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By Ray Fleming

A N air of mystery hangs over two of David Cameron's pet projects -- The Big Society whose leader, Lord Wei, resigned this week and the National Happiness Index which has come in for criticism as an odd idea to launch at a time of increasing austerity. As it happens something of the kind already exists; the Organisation for Economic Co-operation and Development (OECD) has just published its latest Better Life Index which measures individuals' well-being in its 36 member countries. There are 20 different indicators of well-being across 14 sectors ranging from subjective judgements of life satisfaction to objective assessment of air pollution.

On a scale of 0 to 10, the happiest countries are found to be Canada, Australia, New Zealand and Sweden in that order in the 8 to 9 sector, while several countries are crowded in the 7 to 8 bracket -- Norway, Denmark, USA, Switzerland and Finland closely followed by Britain and Austria. Five countries are in the 6 to 7 section -- Germany, France, Japan, Spain and Israel. For those who must know -- Turkey is the least-happy nation of the 34.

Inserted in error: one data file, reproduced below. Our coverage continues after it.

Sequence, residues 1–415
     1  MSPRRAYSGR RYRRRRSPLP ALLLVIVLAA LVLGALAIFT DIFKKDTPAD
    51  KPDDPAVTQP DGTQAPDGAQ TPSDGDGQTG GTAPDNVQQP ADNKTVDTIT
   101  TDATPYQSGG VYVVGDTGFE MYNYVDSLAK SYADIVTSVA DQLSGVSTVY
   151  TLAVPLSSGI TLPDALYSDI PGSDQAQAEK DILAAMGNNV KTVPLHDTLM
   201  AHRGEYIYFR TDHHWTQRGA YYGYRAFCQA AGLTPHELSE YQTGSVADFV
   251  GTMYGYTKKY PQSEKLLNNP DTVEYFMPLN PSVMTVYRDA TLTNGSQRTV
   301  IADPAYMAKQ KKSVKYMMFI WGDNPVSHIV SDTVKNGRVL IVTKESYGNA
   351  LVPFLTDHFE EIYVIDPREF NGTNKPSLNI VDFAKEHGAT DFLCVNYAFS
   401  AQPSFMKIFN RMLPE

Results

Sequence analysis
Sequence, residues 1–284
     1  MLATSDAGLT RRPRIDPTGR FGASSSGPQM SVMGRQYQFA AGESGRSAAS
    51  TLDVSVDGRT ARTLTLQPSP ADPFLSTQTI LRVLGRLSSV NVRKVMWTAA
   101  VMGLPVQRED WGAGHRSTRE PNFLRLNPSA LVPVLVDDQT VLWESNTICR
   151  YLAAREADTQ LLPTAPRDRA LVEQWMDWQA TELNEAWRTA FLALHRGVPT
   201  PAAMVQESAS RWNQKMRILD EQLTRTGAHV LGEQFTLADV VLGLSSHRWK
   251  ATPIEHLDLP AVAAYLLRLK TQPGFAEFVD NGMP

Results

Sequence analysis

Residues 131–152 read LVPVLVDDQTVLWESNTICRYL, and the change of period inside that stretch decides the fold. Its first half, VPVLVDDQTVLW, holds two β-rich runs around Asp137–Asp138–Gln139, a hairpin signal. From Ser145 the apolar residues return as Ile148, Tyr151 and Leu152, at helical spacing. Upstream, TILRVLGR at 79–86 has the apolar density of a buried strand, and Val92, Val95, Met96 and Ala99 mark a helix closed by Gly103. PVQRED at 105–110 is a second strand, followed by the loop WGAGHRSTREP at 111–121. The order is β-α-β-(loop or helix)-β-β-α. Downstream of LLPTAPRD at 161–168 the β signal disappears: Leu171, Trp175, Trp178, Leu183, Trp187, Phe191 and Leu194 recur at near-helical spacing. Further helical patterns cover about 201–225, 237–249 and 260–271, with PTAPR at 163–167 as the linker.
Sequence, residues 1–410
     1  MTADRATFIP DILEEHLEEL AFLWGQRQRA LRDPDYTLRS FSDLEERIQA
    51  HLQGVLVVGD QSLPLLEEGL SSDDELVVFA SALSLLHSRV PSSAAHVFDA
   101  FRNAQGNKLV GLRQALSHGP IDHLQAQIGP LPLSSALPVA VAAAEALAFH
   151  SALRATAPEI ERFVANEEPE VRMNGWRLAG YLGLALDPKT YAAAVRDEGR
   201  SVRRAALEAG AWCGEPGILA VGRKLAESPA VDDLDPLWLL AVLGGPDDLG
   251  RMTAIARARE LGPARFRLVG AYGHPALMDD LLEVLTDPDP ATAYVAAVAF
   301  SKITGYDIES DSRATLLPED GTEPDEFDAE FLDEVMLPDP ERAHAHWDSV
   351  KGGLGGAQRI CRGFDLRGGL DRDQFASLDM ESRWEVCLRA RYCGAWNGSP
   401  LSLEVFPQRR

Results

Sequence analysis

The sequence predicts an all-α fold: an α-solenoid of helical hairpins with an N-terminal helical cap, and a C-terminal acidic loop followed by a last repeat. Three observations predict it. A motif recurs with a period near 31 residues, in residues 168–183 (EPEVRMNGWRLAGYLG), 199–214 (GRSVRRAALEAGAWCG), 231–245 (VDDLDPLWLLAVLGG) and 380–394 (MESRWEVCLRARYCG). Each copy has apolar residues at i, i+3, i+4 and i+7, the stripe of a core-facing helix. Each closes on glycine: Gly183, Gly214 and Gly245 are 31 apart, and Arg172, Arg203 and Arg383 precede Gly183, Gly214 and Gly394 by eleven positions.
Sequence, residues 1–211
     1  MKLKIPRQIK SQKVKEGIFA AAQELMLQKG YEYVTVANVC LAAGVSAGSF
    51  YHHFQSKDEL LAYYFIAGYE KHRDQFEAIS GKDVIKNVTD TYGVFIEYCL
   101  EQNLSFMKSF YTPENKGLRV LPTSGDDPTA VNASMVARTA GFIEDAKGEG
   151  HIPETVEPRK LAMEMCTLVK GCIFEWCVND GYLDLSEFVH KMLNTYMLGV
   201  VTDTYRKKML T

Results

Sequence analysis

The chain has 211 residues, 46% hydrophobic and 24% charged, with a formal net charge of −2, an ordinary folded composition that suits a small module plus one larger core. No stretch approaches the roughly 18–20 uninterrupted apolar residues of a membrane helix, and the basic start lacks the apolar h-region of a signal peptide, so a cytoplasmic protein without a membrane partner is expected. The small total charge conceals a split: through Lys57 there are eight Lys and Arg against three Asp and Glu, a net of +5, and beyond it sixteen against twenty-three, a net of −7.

The most interesting thing about these results is obviously the dominance of three former British Commonwealth countries, Canada, New Zealand and Australia. What well-being qualities did the original settlers take with them from the old country? Are there any left?